Subscriptions to clubs are regarded as taxable benefits by HMRC if the cost is paid by the University. Where there is an overarching operational need for club membership, with departmental approval, membership fees may be claimed through the expenses process. However, the following rules apply and tax and National Insurance must be paid by the individual.

  1. The department must approve the payment in principle for operational purposes; and
  2. the individual must pay the subscription fee themselves then claim reimbursement on an expenses Claim Form, supported by a valid receipt; and
  3. the reimbursement will be made as a payroll payment – not an expenses payment – with associated tax and National Insurance deducted from the payment made.

 

þ Case Study Example - Multiple subscriptions of publication for department

Fatima has found that Economist magazine is a very useful publication for her department to keep up to date with international news events across all sectors. She has decided to subscribe with 10 copies of the publication on an annual basis for the benefit of her department.

Under Principle 1 – Value for money is achieved. The subscription cost is reasonable, the publication is useful and will be read by the entire department. The subscription must be made in the department's name.

ý Case Study Example - Individual subscription for publication subscription

Pablo has discovered a new publication that is very pertinent to his area of research with useful, interesting content. He has decided to subscribe to the publication and registers the subscription under the University of Oxford. However, as the content is only of interest to himself, he has decided to use his home address where he can read it in his own time.

Under Principle 3 – A personal benefit is received. Pablo will have to pay tax and National Insurance on this subscription. Pablo should have sought departmental approval and used the department mailing address.

Examples of what can and should not be claimed as membership fees or subscriptions:

 

þ Individual membership fee to an HMRC approved professional organisation as necessary to fulfil duties of role. Under Principle 1, this is value for money. Membership is necessary for the individual’s role.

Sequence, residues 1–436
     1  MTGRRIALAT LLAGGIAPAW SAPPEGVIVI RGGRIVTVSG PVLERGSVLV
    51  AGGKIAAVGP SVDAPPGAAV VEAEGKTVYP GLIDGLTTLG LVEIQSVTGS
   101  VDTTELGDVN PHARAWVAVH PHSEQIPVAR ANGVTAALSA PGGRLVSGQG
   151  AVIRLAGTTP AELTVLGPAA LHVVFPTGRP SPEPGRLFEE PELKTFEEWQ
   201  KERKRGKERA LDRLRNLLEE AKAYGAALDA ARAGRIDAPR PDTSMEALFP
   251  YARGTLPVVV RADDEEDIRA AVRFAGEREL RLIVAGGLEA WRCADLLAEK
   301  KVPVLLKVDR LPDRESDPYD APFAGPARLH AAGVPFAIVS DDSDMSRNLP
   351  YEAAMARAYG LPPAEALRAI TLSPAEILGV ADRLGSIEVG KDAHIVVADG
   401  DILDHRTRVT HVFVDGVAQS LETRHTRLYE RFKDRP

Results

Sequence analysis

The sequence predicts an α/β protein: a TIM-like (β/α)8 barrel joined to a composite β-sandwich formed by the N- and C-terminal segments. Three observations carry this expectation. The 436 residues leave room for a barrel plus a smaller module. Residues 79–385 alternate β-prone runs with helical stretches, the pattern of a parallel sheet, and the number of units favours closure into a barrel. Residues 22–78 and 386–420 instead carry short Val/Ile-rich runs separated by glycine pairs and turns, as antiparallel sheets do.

ý Should not be claimed. Individual membership fee to an HMRC approved professional organisation not related to the role. Under Principle 3, a personal benefit is received. Should not be claimed unless written departmental approval with justification of cost is provided.
þ Organisation/department membership for organisation not on HMRC list. Under Principle 1, this is value for money. Membership must be in support of the department’s work. Any memberships approved by the department MUST be registered in the Department or University’s name or cannot be claimed.
þ Magazine/journal/paper subscription for department use. Under Principle 1, this is value for money. Must be in support of the department’s work and registered under the department or University’s name. All publications must be sent to a University address.
ý Should not be claimed. Magazine subscription for individual within a department, sent to home address. Under Principle 3, a personal benefit is received. Should not be claimed unless department approval is given as an essential requirement for operational purposes and all further criteria (above) are met.
ý Should not be claimed.Club membership costs (other than the University Club). Under Principle 3, a personal benefit is received.

All communication and IT equipment charges required for University purposes should be purchased directly through the University: this includes, hardware, software, line rental, and connection charges. In exceptional circumstances, they may be purchased and reimbursed through the expenses process.

This should be discussed and agreed with the department in advance.
 

Departmental Note

Departments that use computer equipment for research projects that are at zero rated tax MUST use the P2P system to gain a zero rated certificate. This certificate cannot be obtained retrospectively and without it, all equipment costs will be 20% higher due to VAT being applied.

 

All hardware equipment and software provided or paid for (directly or indirectly) by the University remains the property of the University at all times. Each department is responsible for maintaining their own, up to date inventory of equipment.

All software licences must be registered to the University at a University address.

 

þ  Case Study Example - Antarctic laptop requirement